Dad moved into
skilled care Friday.
This may be temporary,
but probably it’s not.
He’s getting continually weaker.
His moments of real clarity
occur less frequently.
My sister Patty came from Colorado to see Dad,
not knowing she would be spending her time
overseeing this transition.
The doctor had ordered a diagnostic procedure
during Dad’s hospitalization,
but Dad’s blood was too thin at the time.
The procedure is painful and a little risky,
especially for an 88-year-old.
Dad was to be brought back in this week,
so the procedure could be done as an outpatient.
At one point Patty asked the physician,
“If he were your father,
would you proceed with this test?”
The doctor paused, then said, “Probably not.”
“Then please remove his name from the schedule,”
Patty said. “He’ll go without it.”
When aides were not putting up guard rails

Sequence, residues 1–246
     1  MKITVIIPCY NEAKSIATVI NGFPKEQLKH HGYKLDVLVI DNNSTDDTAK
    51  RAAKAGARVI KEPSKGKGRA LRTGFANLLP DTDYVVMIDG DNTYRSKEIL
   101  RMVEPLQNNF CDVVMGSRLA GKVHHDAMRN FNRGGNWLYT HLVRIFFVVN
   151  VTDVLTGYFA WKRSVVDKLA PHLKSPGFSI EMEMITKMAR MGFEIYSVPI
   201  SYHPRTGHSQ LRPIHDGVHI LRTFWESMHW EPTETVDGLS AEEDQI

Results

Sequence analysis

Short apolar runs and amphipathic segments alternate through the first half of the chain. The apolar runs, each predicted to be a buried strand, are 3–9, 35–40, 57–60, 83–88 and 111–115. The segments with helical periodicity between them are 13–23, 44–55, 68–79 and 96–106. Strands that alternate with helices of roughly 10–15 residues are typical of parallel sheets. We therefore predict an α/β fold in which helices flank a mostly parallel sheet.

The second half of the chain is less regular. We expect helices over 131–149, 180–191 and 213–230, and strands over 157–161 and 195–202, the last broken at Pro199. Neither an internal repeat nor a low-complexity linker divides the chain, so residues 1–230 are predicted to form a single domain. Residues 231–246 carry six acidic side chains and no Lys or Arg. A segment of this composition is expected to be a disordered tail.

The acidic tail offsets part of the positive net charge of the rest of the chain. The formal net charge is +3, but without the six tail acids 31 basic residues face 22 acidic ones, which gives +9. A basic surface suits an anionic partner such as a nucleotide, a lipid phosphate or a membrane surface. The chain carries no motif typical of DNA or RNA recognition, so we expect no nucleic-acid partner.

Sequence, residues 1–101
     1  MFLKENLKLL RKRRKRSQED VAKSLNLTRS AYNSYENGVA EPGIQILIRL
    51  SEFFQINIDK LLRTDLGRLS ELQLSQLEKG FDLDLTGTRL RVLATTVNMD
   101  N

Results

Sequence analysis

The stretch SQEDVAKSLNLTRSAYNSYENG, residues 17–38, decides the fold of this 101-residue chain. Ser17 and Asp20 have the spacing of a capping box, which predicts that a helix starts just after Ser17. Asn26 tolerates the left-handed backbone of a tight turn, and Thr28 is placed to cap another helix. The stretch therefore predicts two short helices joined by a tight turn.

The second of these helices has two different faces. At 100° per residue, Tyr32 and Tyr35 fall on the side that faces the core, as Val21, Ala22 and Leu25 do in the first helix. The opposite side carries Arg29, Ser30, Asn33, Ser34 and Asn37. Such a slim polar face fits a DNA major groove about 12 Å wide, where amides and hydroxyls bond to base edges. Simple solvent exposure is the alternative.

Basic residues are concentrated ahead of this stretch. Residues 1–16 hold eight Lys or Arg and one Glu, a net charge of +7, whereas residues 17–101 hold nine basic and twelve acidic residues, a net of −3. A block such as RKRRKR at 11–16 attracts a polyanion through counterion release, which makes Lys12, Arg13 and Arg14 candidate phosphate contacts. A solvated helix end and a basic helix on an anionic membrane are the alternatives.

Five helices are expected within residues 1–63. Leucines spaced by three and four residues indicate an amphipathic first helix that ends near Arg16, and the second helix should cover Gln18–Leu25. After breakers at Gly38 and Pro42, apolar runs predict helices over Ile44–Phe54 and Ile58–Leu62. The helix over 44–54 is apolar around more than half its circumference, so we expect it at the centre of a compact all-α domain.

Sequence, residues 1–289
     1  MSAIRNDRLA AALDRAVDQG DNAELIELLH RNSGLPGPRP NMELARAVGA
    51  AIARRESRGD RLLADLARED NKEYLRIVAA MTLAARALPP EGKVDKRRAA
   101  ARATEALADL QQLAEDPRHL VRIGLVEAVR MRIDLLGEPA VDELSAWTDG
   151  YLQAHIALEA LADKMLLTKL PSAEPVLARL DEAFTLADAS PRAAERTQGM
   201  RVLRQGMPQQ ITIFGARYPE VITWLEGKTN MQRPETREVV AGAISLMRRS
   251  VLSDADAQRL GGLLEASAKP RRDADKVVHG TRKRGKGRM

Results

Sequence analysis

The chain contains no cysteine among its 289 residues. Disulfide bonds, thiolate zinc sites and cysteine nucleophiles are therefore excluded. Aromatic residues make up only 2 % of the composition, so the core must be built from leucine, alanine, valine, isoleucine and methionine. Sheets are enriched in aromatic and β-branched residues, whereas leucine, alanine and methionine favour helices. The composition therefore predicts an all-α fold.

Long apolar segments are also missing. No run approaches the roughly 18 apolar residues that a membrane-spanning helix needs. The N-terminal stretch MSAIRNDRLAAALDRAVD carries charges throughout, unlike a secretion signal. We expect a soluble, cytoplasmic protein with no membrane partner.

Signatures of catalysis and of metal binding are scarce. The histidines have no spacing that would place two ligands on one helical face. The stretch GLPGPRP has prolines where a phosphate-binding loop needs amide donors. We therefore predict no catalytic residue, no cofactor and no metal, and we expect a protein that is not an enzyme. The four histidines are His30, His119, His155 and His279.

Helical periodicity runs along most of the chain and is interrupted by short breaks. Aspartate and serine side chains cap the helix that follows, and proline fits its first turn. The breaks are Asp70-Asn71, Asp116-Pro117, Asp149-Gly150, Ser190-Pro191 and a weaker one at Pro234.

on Dad’s bed, Patty said,
“It’s important to raise those rails each time,
otherwise he’ll fall again.”
These are only two of many examples
of how Patty has spoken up for Dad this week.
As his energy has waned and his voice has weakened,
she has stood tall beside him
and said what he was unable to say
or did not know how to say.
Being the voice for the one in our care
can be one of our most important tasks.
When doctors move and talk rapidly, we can say,
“Please repeat that more slowly
so we both can understand you.”
When complex medical procedures are proposed,
we can ask about risks and benefits, saying,
“After we talk this over in private,
I’ll tell you what my care receiver wants.”
When the one in our care is ill-equipped
to speak their concerns or state their case,
we can be their sound voice for them,
speaking their truth with authority.
If we don’t do that, then who will?
If we don’t serve as their advocates,
who else will step forward?
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